The endometriosis stories : a narrative analysis : a thesis presented in partial fulfilment of the requirements for the degree of Doctor of Philosophy at Massey University, Palmerston North, New Zealand

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Endometriosis is a chronic and, complex gynaecological condition. The range of symptoms, issues related to diagnosis, varieties of treatment, differing theories of etiology, all contribute to its complexity. The principal symptoms associated with the condition are pelvic pain and heavy menstrual flow. Many women with endometriosis also experience fertility difficulties. As a chronic illness, particularly one strongly associated with pain, endometriosis can be constructed as leading to physical and psychosocial distress. Further, many women have experienced many years of unexplained symptoms or have received unsatisfactory explanations for these symptoms, such as 'it's part of being a woman' or 'it's all in your head'. My own personal experience of having endometriosis together with listening to many other women's stories over the years about their endometriosis experiences, stimulated my interest to learn more and, thus, the endometriosis experience became my PhD research topic. To date, little research has been conducted on the psychosocial side of the endometriosis story. I considered it was time to privilege the women's stories and let their voices be heard. I hoped to add to the biomedical story which was dominating what was disseminated about endometriosis. The research is based on the objectives of examining women's experiences of endometriosis with respect to their identity and to learn how the women made sense of events, particularly unexplained symptoms. Relating the condition to what health psychology has to say about illness, I could understand how women may experience the condition as a disruption to their lives. But how did they experience this disruption? How did they feel about themselves? In other words, was this disruption constructed as a challenge to their identities and, if so, in what ways and what did they do about it? To answer these questions I decided that some form of narrative analysis would enable me to find answers or, at least, be able to find a way in to these issues. I interviewed twelve women in the Manawatu region of New Zealand who had been diagnosed with endometriosis no less than two years earlier. My research is underpinned by social constructionist epistemology. After several attempts to use some forms of narrative analysis which I decided were not appropriate for my study, I developed a form of narrative analysis comprising graduated levels of explanation and meaning. The first level involved writing individual stories from each woman's accounts. From these stories I was able to gain an overall impression of what their stories were about and what each woman was trying to express to me at that time. The next level related to the identification of narrative themes and from these I analysed the way identity was expressed. The third level of meaning involved an analysis of the process of construction of the women's narratives as well as the content. Narrative devices, such as imagery and metaphor, for example, were identified. I noted where the women seemed to be drawing upon their personal narratives as well as the cultural narratives to construct their endometriosis stories. Identity was analysed in the narrative themes concerning fertility issues, relationships, occupations, and self-concept, both physical and psychological. Some of the women constructed their stories as, what I have termed, a victim, while others assumed, what I have termed, the role of controller. Diagnosis was constructed as an important reference point for the women and was reflected in the way they talked about their sense of identity and how it was either reconstructed or maintained over time. Making sense of events in their endometriosis experiences focussed strongly on how the women understood unexplained symptoms. Such perceptions were termed as a 'normalising' story or, as a 'resisting' story. The often long period of time prior to diagnosis was expressed as a time of physical and psychological distress. Once the women had made sense of their symptoms they were able to take control of their bodies, rather than allowing the endometriosis to control them. Overall, the findings from my research have contributed to a greater understanding of endometriosis from the women's perspectives. By adding research like this to the biomedical account of the condition, we are contributing to a growing, collective endometriosis narrative. Such a narrative comprises the biomedical story, personal accounts from individual women, together with a growing range of research analysing the psychosocial experience.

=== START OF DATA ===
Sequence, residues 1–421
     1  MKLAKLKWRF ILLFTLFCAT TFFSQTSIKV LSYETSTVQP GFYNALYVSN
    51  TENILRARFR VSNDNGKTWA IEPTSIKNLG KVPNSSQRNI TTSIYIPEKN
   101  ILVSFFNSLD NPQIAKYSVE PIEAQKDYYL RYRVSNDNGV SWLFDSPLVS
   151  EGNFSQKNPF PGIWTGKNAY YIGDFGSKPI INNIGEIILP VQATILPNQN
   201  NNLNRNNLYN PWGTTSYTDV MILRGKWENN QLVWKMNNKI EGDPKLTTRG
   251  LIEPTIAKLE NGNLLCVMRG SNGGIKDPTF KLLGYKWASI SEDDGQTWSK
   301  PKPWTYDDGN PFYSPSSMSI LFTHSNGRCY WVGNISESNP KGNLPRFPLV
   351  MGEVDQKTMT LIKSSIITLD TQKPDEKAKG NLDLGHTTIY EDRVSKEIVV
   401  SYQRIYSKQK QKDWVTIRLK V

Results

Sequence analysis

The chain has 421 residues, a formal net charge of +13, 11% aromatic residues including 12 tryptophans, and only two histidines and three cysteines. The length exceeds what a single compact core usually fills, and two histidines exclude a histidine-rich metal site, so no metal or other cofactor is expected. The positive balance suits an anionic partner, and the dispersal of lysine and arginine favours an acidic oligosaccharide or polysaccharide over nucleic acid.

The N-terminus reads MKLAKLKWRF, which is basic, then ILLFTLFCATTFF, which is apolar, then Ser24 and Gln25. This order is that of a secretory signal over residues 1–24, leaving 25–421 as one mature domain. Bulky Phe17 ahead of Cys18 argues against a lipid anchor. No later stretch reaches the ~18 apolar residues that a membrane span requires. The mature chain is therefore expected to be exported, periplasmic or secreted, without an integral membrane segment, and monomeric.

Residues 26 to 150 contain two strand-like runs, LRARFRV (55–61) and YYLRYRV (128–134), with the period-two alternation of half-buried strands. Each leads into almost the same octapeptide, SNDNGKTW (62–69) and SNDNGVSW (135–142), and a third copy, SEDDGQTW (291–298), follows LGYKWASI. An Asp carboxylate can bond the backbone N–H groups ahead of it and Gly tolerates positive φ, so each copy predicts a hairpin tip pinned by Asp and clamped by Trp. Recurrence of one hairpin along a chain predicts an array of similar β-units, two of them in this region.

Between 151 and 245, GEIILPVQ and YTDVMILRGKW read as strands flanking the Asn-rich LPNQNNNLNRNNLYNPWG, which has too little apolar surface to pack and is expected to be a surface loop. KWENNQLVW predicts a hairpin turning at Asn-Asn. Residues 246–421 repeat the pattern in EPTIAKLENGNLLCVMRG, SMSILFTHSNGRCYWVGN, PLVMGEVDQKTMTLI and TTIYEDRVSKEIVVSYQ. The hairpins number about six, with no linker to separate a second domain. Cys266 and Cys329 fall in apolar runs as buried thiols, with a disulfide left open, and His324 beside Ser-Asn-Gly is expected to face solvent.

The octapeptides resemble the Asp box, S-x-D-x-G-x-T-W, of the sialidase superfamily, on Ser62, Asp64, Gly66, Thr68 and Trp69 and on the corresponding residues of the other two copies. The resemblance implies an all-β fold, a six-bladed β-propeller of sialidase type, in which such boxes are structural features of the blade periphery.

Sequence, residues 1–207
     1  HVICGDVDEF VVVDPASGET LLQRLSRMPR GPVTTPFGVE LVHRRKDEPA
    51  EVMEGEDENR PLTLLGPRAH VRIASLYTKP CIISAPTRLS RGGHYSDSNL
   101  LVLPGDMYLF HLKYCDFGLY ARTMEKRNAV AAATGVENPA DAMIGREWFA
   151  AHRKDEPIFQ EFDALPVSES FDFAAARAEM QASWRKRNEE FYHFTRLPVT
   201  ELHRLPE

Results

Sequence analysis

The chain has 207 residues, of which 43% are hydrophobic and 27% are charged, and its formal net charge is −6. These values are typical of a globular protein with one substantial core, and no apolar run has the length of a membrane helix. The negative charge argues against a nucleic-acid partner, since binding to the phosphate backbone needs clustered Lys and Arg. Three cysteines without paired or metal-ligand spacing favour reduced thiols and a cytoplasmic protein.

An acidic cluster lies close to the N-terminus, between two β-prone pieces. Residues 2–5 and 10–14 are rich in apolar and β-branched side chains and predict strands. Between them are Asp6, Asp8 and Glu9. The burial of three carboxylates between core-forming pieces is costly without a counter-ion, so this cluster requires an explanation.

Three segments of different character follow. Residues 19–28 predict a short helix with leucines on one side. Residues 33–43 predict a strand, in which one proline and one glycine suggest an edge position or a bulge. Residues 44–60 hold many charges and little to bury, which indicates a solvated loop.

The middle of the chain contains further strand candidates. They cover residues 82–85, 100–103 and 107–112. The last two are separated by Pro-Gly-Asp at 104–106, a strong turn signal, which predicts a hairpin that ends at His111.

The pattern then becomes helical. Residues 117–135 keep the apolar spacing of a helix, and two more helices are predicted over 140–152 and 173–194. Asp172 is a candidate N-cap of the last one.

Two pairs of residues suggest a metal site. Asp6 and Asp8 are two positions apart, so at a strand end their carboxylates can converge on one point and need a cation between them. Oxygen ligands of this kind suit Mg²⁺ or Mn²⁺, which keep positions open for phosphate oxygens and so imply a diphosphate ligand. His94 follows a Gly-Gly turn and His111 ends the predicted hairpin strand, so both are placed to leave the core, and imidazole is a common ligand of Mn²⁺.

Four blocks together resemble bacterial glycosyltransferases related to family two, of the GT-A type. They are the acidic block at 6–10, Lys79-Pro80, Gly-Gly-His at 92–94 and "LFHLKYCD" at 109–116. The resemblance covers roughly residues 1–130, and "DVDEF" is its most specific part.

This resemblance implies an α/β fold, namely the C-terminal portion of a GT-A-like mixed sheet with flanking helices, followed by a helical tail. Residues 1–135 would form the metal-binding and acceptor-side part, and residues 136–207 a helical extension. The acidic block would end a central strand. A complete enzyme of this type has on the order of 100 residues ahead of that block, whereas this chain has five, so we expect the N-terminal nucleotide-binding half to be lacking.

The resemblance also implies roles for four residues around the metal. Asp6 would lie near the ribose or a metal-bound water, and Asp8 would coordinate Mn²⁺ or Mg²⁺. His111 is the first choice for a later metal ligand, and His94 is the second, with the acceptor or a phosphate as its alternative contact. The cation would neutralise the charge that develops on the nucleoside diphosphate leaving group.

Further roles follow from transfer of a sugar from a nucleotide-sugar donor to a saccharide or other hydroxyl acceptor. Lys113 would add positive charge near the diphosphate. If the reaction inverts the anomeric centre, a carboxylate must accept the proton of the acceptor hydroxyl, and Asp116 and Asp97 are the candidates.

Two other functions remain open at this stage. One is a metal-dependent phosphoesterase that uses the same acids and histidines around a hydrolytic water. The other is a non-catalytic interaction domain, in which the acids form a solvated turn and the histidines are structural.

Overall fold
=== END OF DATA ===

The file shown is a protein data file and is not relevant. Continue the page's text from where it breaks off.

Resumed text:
Health psychology